Jan 28, 2022

The biological clean-ups that could combat age-related disease

Posted by in categories: biotech/medical, life extension

Autophagy is often likened to the trash management system of the cell. And just as municipal waste services involve collection, transportation and ultimately disposal, so too must the cell’s autophagy system follow a coordinated, multistep process. It first requires cellular refuse to be bagged up inside sack-like structures known as phagophores. These then mature into cargo containers called autophagosomes, which fuse with degradation hubs called lysosomes. Only then do waste products get broken down.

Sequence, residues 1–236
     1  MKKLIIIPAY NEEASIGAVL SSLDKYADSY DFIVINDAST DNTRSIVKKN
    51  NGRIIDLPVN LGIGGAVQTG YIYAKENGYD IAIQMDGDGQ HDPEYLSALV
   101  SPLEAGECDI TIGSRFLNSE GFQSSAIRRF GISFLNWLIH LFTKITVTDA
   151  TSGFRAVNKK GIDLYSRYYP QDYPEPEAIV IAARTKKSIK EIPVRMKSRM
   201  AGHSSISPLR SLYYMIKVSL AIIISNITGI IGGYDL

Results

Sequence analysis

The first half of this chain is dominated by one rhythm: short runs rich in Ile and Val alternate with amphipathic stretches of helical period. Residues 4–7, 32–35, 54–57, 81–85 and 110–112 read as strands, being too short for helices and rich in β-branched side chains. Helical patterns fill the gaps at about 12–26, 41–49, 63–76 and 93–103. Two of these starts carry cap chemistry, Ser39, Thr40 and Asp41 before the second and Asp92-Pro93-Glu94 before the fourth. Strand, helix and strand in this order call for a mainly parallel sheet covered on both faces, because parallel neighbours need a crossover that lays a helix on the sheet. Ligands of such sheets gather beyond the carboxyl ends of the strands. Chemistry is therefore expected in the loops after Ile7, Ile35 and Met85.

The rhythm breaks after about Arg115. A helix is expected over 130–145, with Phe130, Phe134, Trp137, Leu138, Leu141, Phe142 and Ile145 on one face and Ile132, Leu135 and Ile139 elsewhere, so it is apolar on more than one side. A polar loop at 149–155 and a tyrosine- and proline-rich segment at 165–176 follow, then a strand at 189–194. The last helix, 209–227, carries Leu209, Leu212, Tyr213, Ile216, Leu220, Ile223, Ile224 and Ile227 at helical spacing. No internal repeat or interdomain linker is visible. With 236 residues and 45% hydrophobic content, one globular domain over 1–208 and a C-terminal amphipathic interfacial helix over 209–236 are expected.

Any part of that cell-cleaning process could go wrong, and they often do as cells age. But if researchers do not fully understand what aspects of autophagy are defective in any particular disease, drugs that modulate the wrong parts of the pathway could do more harm than good. A therapy could, for instance, help the cell to package more trash. “But if your trash compactor isn’t working properly, you’re just going to end up with a room full of trash bags,” says Tim Sargeant, who studies autophagy at the South Australian Health and Medical Research Institute in Adelaide. “That’s one of the dangers here.”

As a result, although some anti-ageing researchers and companies have gone all-in on targeting autophagy, others are more circumspect — especially given the lack of solid evidence in people or even mouse models for many of the proposed interventions.

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